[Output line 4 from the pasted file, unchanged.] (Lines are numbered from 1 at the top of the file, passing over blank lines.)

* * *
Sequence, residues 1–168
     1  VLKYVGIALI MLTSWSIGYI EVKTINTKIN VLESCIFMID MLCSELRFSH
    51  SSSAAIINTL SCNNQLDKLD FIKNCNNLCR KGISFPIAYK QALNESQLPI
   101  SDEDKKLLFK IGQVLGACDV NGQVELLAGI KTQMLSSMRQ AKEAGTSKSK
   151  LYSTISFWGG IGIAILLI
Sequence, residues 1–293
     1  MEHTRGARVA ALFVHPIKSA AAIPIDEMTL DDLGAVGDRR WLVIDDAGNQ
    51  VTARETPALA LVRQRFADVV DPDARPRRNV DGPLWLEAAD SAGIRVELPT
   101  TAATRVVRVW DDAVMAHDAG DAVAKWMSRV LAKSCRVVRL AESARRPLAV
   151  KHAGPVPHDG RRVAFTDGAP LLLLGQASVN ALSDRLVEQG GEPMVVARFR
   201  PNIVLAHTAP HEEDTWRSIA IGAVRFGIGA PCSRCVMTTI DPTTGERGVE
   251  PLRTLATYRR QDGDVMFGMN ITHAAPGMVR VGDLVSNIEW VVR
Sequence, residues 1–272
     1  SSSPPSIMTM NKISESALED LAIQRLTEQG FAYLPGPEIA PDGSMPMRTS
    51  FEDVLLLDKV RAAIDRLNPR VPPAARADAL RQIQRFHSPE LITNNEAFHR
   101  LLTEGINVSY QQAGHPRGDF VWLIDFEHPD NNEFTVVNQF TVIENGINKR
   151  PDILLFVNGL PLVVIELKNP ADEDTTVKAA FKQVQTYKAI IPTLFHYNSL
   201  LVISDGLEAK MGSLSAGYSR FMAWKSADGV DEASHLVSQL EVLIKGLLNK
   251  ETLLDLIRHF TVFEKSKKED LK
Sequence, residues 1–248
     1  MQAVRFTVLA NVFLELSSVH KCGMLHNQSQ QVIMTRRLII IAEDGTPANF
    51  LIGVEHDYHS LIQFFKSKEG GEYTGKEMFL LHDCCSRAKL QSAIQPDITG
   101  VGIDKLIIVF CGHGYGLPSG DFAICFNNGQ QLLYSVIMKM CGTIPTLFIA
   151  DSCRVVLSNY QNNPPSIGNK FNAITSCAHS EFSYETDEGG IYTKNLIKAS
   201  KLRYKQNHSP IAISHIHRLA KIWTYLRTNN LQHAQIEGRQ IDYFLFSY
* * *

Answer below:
   101  SDEDKKLLFK IGQVLGACDV NGQVELLAGI KTQMLSSMRQ AKEAGTSKSK